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Lourdes Specialty Hospital of Southern New Jersey v. H.D. Supply, Inc. Health and Welfare Program

United States District Court, D. New Jersey

August 10, 2018

LOURDES SPECIALTY HOSPITAL OF SOUTHERN NEW JERSEY, on assignment of Timothy W., Plaintiff,
v.
H.D. SUPPLY, INC. HEALTH AND WELFARE PROGRAM, Defendant.

          MICHAEL J. SMIKUN MICHAEL GOTTLIEB CALLAGY LAW, PC 650 FROM ROAD SUITE, On behalf of Plaintiff.

          JAMES P. ANELLI, DANITA C. MINNIGAN, LECLAIRRYAN, ONE RIVERFRONT PLAZA On behalf of Defendant.

          OPINION

          NOEL L. HILLMAN, U.S.D.J.

         This is an ERISA suit concerning Defendant H.D. Supply, Inc. Health and Welfare Program's alleged failure to properly reimburse Plaintiff Lourdes Specialty Hospital of Southern New Jersey for medical services provided by Plaintiff. Before the Court is Defendant's Motion to Dismiss. For the reasons that follow, Defendant's motion will be granted.

         I.

         The Court takes its facts from Plaintiff's November 10, 2017 Complaint. Timothy W. (“Patient”) underwent treatment in Plaintiff's long-term acute care facility. Patient has an insurance plan with Defendant. A representative of Defendant verified Patient's insurance with Plaintiff. Plaintiff obtained an assignment of benefits from Patient, which Plaintiff alleges enables it to bring this ERISA claim. Pursuant to this assignment, Plaintiff submitted a Health Insurance Claim Form in connection with Patient's treatment.

         Patient's first stay at the facility took place from September 15, 2014 through October 27, 2014. Patient's second stay took place from March 19, 2015 to May 29, 2015. Patient's first stay was divided into three separate billing cycles; Patient's second stay was divided into four billing cycles. Plaintiff's total charges for the first billing cycle of Patient's first stay were $169, 160.50. Defendant issued payment in the amount of $123, 031.81. Plaintiff pleads Defendant's payment for Patient's first cycle of treatment “is consistent with the rates promised during the insurance verification process.”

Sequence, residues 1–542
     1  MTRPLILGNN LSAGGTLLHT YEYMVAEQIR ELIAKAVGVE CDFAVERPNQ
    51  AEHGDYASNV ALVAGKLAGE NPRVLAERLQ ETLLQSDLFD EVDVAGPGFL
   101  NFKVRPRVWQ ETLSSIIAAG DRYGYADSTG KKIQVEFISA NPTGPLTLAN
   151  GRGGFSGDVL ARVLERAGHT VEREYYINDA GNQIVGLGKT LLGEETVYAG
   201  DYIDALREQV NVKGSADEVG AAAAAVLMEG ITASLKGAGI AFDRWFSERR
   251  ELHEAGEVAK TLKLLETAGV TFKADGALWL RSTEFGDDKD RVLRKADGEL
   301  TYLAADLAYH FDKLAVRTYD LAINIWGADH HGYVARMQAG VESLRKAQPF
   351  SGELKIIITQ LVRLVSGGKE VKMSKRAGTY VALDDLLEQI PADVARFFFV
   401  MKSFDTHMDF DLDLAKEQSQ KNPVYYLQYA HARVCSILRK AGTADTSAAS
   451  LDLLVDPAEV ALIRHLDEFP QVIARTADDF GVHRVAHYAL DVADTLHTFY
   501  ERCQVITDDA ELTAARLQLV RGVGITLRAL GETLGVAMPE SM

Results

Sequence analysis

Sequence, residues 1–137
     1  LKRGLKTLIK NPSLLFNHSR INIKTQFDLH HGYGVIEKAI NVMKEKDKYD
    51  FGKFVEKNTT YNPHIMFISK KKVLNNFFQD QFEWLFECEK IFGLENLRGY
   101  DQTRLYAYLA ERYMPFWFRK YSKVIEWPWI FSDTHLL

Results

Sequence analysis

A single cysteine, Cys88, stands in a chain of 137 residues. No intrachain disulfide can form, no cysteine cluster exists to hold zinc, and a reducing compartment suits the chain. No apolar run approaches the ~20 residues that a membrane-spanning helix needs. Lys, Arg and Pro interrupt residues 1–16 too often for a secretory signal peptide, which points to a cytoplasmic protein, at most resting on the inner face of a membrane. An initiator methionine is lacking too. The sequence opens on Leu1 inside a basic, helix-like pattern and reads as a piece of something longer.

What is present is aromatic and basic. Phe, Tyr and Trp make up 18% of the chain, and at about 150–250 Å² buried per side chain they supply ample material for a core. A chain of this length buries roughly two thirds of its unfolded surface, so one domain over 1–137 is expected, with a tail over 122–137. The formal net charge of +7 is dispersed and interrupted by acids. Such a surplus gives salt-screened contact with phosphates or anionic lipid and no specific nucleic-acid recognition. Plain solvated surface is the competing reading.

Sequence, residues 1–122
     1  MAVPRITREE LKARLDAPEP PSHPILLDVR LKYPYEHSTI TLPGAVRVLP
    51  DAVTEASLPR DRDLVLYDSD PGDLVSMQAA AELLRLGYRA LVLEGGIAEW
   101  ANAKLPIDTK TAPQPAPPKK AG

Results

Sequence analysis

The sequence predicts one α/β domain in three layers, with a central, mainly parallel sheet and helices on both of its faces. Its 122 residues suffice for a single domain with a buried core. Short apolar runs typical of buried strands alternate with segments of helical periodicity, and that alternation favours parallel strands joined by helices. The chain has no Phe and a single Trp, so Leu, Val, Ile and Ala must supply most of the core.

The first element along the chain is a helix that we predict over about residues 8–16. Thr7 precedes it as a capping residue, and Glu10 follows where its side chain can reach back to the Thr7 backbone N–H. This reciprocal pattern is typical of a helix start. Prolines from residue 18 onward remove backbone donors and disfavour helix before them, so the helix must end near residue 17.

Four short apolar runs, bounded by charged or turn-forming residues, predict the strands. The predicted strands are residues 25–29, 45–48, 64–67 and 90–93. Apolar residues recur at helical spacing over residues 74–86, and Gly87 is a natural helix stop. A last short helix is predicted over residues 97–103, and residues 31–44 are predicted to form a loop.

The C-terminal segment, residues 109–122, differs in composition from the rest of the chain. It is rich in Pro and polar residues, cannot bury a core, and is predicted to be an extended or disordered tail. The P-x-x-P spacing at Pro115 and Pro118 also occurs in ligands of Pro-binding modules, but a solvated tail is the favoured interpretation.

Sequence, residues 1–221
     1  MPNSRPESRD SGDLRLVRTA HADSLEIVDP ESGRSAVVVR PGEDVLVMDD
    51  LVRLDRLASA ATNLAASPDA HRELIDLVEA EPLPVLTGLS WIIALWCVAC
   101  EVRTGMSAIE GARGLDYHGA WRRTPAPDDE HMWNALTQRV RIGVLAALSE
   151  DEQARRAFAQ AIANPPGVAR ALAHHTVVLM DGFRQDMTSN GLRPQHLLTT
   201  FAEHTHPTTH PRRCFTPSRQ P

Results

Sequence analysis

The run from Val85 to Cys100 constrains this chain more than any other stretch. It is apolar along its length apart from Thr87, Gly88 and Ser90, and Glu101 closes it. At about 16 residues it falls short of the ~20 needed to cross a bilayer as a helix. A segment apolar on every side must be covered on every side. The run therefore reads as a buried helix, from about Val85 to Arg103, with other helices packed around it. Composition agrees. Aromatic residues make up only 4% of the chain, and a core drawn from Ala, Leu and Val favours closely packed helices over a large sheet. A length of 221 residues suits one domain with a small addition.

Plaintiff pleads that for the subsequent billing cycles, “Defendant reimbursed Plaintiff substantially less than what was promised during the insurance verification process and a substantially lower percentage of usual and customary charges than what was remitted for the first billing cycle.” For instance, Plaintiff's charges for the second billing cycle of Patient's first stay were $178, 541.29, but Defendant paid $22, 797.83. As to the first billing cycle of Patient's second stay, Plaintiff's charges were $188, 432.05, but Defendant paid $22, 589.32. As to the second billing cycle of Patient's second stay, Plaintiff's total charges were $184, 079.32, but Defendant paid $26, 717.13. As to the third billing cycle of Patient's second stay, Plaintiff's total charges were $184, 832.89, but Defendant paid $13, 220.09. As to the fourth billing cycle of Patient's second stay, Plaintiff's charges were $324, 962.93, but Defendant paid $36, 652.08.

         While Plaintiff submitted appeals, Defendant did not remit any additional payments. Plaintiff pleads Defendant's reimbursement amounts to an underpayment of $1, 110, 106.20 based on the terms of the insurance plan.

         Plaintiff's November 10, 2017 Complaint asserts two claims: (1) failure to make all payments under 29 U.S.C. § 1132(a)(1)(B) and (2) breach of fiduciary duty and co-fiduciary duty under 29 U.S.C. §§ 1132(a)(3), 1104(a)(1), and 1105(a). Defendant filed a Motion to Dismiss on January 22, 2018.

         II.

         This Court has federal question jurisdiction pursuant to 28 U.S.C. § 1331.

         III.

         When considering a motion to dismiss a complaint for failure to state a claim upon which relief can be granted pursuant to Federal Rule of Civil Procedure 12(b)(6), a court must accept all well-pleaded allegations in the complaint as true and view them in the light most favorable to the plaintiff. Evancho v. Fisher, 423 F.3d 347, 351 (3d Cir. 2005). It is well settled that a pleading is sufficient if it contains ...


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